Personal Health - Babies Know - A Little Dirt Is Good for You - NYTimes.com
Dr. Weinstock goes even further. “Children should be allowed to go barefoot in the dirt, play in the dirt, and not have to wash their hands when they come in to eat,” he said. He and Dr. Elliott pointed out that children who grow up on farms and are frequently exposed to worms and other organisms from farm animals are much less likely to develop allergies and autoimmune diseases. .... Also helpful, he said, is to “let kids have two dogs and a cat,” which will expose them to intestinal worms that can promote a healthy immune system.
researchers are concluding that organisms like the millions of bacteria, viruses and especially worms that enter the body along with “dirt” spur the development of a healthy immune system.
Ask mothers why babies are constantly picking things up from the floor or ground and putting them in their mouths, and chances are they’ll say that it’s instinctive — that that’s how babies explore the world. But why the mouth, when sight, hearing, touch and even scent are far better at identifying things?digitalresearchtools / FrontPage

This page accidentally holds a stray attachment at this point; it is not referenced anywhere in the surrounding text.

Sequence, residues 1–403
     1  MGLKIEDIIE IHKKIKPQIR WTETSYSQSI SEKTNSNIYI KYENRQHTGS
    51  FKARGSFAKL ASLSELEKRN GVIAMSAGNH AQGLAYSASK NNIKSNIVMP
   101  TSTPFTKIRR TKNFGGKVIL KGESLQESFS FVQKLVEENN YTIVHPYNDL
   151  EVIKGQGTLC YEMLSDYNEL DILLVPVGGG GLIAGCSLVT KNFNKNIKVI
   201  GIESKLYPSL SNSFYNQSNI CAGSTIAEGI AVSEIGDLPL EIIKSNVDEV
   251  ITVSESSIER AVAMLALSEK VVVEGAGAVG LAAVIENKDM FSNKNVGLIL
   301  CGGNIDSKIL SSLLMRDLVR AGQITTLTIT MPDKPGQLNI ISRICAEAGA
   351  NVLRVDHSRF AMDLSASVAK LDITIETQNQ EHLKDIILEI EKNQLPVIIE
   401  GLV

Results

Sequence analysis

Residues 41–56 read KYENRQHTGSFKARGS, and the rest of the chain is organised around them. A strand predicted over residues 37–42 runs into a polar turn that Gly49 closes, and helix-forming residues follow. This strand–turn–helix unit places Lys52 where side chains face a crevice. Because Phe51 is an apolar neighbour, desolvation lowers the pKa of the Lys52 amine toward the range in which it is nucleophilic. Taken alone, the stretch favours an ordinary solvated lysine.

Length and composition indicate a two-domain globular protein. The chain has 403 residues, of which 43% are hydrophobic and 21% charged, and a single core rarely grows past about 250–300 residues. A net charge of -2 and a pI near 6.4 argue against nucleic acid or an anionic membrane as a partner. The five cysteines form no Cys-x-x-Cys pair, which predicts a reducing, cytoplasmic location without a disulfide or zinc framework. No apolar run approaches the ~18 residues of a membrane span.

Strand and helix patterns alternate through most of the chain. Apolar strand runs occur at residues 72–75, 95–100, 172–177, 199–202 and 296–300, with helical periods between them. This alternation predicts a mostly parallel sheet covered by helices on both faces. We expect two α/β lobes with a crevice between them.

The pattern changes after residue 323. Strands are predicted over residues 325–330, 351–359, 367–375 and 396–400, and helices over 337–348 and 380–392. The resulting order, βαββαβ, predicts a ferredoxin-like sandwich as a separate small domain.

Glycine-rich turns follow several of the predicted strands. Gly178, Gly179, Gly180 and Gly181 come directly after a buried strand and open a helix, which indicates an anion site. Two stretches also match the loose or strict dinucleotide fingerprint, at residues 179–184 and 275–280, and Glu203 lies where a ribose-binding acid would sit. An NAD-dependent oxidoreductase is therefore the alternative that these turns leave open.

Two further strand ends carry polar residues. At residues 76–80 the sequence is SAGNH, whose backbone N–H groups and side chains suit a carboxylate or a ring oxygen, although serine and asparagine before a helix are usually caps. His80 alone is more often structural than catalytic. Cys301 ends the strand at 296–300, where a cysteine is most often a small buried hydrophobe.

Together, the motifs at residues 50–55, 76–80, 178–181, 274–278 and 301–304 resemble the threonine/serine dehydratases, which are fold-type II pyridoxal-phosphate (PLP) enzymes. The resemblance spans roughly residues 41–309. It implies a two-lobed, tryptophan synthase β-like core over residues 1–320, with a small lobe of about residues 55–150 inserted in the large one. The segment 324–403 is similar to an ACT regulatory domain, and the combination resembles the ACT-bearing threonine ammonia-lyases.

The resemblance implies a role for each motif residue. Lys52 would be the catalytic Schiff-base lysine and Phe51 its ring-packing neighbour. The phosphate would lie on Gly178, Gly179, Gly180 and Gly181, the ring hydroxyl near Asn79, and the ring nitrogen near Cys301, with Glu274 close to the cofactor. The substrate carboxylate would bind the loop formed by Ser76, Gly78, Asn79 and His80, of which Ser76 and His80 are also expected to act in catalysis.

tools to help scholars do research more effectively
Great resource for finding digital research tools.
from N. Cook
Digital Research tools for students to use
Electronic resources, search
Digital Research Tools (DiRT) This wiki collects information about tools and resources that can help scholars (particularly in the humanities and social sciences) conduct research more efficiently or creatively. Whether you need software to help you manage citations, author a multimedia work, or analyze texts, Digital Research Tools will help you find what you're looking for. We provide a directory of tools organized by research activity, as well as reviews of select tools in which we not only describe the tool's features, but also explore how it might be employed most effectively by researchers.